It’s not quite as infuriating as Jurassic World, but it’s still a shrug of a film. What happened during it? I don’t really remember, but worse, I don’t even care.
9. Fantastic Four
The story about Fantastic Four has pretty much moved well beyond the film itself. The behind-the-scenes rumors. Director Josh Trank’s implosion just prior to release. The absolutely awful box office response. There’s really no good way to spin this.
Yet, despite all that, I kinda liked it.
Even if I allow that as constructed and presented, Fantastic Four is pretty terrible, I do appreciate the interesting ideas it was trying to tackle. We may never know what the film Josh Trank wanted to make was like, but for those few bits in it where those efforts shone through, I was captivated.
And that alone sets it above the lazy, by-the-numbers efforts of Trevorrow and Whedon.
8. San Andreas
I could probably flip this with Fantastic Four. There really isn’t anything interesting here as far as premise, but The Rock is pretty damn entertaining, even if he can’t quite lift the film beyond passable. Still, in the context that I saw it – a summer night at a drive-in – it grabbed me.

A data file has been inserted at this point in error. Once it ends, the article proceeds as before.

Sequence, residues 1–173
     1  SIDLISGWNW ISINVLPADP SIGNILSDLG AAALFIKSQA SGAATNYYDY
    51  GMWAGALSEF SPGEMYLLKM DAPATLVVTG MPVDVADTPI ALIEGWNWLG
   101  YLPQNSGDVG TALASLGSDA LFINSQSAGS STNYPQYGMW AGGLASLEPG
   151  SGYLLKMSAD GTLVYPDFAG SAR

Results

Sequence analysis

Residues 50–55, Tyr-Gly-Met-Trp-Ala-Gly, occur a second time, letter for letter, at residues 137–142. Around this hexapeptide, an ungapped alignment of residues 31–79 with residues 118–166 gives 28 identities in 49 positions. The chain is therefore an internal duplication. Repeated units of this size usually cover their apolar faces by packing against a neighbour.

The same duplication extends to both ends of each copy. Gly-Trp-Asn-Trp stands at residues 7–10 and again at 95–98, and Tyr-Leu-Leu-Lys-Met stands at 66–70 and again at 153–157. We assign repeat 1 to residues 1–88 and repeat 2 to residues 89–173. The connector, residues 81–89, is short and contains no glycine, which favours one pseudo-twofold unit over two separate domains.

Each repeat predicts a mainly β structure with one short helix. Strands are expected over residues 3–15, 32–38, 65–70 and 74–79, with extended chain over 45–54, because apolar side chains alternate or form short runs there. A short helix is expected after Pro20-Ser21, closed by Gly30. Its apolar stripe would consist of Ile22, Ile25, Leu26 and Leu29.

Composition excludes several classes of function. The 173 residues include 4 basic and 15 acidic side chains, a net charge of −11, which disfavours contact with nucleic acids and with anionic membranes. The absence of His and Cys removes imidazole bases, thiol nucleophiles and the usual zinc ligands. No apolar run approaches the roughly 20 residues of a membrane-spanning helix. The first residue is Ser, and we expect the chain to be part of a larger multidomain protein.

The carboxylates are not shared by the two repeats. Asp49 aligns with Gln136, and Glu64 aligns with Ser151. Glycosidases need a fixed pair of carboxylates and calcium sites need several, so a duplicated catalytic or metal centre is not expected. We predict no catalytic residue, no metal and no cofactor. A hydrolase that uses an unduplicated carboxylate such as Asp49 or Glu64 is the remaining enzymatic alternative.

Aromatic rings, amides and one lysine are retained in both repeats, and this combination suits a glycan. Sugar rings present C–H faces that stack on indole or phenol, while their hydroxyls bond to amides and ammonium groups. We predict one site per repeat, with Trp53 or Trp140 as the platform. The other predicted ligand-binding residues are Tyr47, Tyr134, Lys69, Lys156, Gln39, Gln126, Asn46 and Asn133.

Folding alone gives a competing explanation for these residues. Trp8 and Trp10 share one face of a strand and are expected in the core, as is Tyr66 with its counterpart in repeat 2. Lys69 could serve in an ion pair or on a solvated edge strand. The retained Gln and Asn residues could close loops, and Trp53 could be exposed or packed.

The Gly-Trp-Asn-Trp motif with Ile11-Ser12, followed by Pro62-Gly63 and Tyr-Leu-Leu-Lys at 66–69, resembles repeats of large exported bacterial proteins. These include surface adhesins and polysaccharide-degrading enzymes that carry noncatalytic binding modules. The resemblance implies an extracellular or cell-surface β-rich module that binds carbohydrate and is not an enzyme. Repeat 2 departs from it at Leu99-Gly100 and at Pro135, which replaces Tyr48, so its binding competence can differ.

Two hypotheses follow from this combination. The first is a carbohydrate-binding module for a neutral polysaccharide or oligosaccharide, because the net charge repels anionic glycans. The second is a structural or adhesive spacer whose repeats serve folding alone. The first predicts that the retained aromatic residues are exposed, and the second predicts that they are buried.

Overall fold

The science is notably bad, but the big destruction scenes are quite enjoyable. It probably just needed to feel a bit more perilous. The advertising made it feel a bit more doom-worthy than it actually was.
After I saw it, I said that if they do a sequel (likely, given the success), they should set it in the Pacific Northwest, which has a subduction fault and has the potential for much bigger earthquakes than California. Then a few weeks later we got that article about how much damage could happen if such a quake did happen and everyone was abuzz about the danger to Seattle.
The article was a bit scare-tactic-y, but I felt exonerated.
And, hey, if they do it, they can keep the same Spanish naming convention. Juan de Fuca is right there.